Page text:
Sedra of the Week: Tsav and Hagadol
search

The latest Jewish News

Read this week’s digital edition

Click Here

Sedra of the Week: Tsav and Hagadol

Rabbi Zvi Solomons looks at the forthcoming week's portion of the Torah

Will your rabbi be sermonising to you in Yiddish this Shabbat?

It’s that time of year again, folks. Pesach is nearly upon us, and we need to remind ourselves of our duties.

On Shabbat Hagadol we read a special haftorah, from the book of Malachi, which contains the verse: “Behold, I send you Elijah the prophet before the coming of the great and awesome day of the Lord.” [Malachi 3:23].

The history of this is interesting. Elijah is traditionally the harbinger of the Messiah, who it is said would be more likely to come and bring redemption on one of the foot-festivals, like Pesach, Shavuot or Sukkot.

This passage used to be read before all three of those festivals, since they were the most apposite seasons.

However, Pesach has more associations with Elijah and redemption than the any other time of year.

This is why the Shabbat before Pesach became the one occasion we read that haftorah, although Zedekiah ben Abraham Anav (1210 – c. 1280) writes in his Shibbolei Haleket that this applies to every festival.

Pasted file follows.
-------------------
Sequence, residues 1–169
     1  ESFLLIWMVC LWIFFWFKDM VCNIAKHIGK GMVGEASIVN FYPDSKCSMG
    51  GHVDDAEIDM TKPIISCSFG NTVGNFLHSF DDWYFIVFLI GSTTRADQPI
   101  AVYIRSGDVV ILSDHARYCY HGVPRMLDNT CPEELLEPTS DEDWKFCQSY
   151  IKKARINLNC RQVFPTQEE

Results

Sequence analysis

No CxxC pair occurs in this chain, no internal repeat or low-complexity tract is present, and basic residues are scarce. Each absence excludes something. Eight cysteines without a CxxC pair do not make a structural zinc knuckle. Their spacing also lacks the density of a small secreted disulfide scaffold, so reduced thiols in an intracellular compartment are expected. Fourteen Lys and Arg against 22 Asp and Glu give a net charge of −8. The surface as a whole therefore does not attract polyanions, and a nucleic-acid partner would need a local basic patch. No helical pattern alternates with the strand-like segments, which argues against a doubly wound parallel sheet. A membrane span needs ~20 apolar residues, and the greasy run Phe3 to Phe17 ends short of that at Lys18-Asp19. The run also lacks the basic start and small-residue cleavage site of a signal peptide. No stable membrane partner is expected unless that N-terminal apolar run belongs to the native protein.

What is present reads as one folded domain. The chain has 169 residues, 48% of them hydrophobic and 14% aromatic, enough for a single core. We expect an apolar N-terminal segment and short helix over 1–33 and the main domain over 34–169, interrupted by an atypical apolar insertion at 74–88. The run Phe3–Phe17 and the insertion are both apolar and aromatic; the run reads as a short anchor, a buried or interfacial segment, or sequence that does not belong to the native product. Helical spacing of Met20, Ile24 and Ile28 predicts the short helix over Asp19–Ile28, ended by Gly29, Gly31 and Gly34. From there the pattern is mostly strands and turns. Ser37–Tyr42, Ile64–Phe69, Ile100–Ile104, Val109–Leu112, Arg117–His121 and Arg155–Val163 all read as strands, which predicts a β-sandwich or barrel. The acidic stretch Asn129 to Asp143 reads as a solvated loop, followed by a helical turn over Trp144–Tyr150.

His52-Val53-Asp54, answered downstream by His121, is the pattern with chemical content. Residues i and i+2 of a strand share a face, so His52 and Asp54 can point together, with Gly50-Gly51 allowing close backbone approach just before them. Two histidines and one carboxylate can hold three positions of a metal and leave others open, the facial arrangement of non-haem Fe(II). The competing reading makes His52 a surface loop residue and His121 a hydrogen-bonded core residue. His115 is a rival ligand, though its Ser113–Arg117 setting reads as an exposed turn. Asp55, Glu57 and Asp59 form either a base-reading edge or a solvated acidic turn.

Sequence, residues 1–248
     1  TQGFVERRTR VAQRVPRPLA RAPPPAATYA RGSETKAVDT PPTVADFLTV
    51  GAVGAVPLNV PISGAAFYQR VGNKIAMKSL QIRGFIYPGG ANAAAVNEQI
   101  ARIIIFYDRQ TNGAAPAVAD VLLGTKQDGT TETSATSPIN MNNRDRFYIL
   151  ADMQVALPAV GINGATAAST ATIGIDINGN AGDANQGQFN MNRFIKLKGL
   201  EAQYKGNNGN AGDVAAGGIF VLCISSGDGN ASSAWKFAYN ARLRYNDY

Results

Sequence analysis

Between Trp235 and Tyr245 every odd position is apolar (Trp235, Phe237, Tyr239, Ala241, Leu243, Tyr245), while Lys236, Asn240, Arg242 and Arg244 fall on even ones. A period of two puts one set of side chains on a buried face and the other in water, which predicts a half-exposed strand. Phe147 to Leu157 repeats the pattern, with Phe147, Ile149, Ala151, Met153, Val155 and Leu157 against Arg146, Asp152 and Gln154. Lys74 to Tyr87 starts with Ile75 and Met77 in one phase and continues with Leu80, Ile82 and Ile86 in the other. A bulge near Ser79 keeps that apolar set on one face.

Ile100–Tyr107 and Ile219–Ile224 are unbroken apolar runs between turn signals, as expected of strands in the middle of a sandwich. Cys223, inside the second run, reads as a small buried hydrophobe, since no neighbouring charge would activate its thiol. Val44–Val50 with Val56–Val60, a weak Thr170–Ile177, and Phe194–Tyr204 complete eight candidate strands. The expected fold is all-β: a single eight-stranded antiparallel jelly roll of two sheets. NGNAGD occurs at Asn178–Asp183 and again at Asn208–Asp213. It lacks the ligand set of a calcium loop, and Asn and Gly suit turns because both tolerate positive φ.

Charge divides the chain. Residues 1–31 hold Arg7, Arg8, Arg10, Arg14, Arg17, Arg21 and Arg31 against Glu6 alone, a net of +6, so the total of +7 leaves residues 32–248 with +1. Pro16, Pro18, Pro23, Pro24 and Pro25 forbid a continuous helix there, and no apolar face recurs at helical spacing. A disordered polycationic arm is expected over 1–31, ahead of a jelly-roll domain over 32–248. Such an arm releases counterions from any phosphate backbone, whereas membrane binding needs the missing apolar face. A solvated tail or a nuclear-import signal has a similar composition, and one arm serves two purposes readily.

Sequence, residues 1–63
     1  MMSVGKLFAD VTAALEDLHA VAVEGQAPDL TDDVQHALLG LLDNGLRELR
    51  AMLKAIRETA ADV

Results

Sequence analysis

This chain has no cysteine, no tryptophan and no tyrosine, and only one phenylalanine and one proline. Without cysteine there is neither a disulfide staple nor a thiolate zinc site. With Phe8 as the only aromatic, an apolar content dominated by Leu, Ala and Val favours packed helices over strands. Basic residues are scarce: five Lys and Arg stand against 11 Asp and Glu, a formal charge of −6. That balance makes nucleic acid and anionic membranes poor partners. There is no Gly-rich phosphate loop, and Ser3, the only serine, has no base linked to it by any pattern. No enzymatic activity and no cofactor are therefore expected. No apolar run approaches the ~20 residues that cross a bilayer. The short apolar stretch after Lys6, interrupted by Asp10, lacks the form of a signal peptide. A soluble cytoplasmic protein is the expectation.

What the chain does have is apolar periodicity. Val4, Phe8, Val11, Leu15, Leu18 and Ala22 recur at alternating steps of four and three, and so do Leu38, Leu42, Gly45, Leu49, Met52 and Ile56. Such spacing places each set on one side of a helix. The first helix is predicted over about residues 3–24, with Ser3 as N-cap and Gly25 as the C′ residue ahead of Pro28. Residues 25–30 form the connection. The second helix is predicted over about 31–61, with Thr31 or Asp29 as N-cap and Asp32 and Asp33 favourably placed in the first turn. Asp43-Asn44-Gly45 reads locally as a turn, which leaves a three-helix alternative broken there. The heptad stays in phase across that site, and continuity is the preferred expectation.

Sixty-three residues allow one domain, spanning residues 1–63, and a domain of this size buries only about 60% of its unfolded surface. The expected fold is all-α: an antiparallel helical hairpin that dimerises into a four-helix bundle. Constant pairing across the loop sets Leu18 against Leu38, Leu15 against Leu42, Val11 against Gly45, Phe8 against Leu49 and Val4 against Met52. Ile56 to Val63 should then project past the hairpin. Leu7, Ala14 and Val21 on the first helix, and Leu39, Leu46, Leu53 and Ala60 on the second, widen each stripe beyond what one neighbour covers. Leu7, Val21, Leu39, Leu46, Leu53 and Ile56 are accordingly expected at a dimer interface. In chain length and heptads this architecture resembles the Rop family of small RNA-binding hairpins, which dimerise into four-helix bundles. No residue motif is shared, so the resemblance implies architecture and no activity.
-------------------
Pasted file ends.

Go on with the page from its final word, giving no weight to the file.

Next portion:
Other reasons are given for this special Shabbat. This was the first Mitzvah given to us Jews as a people.

The Egyptians also learnt of the final plague on this day and their firstborn actually fought Pharaoh trying (unsuccessfully) to gain our release.

We turned from idolatrous practices to God who is great (gadol). This is also the day when a very long sermon (once in Yiddish in more traditional shuls) makes the day feel equally long.

Traditionally, we read the Haggadah over mincha, to get ourselves ready for the upcoming festival.

Wishing you a happy and kosher Pesach.

Zvi Solomons is the rabbi of JCoB.org, in Reading. Contact him on 07828 742 282 if you need a Seder place this Pesach.

 

Help perform the greatest mitzvah: save a life

While life in Israel has returned to normal and hopes are high that Britain is set for a summer without restrictions thanks to vaccines, for billions around the world there is no such imminent light at the end of the tunnel. In the majority of countries around the globe, particularly the poorest, the vaccine rollout has barely kicked off.

That's why Jewish News, the leading source of news and opinion for the entire UK community, is throwing its full weight behind UNICEF’s VaccinAid campaign by using this platform usually reserved for encouraging donations towards our own journalism to instead urge our readers around the globe to perform the greatest mitzvah: saving a life.

We have never before done this for any charity fundraiser but it's hard to recall a campaign that affects so many people, and indeed an entire planet aching for a return to normality. Just like the Chief Rabbi and Rachel Riley, we hope to boost the mission to deliver two billion vaccines, 165 million treatments and 900 million test kits around the world by the end of this year.

Please donate as much as you can, in the spirit of the Talmudic sages: “to save one life is to save the world entire”

read more:
comments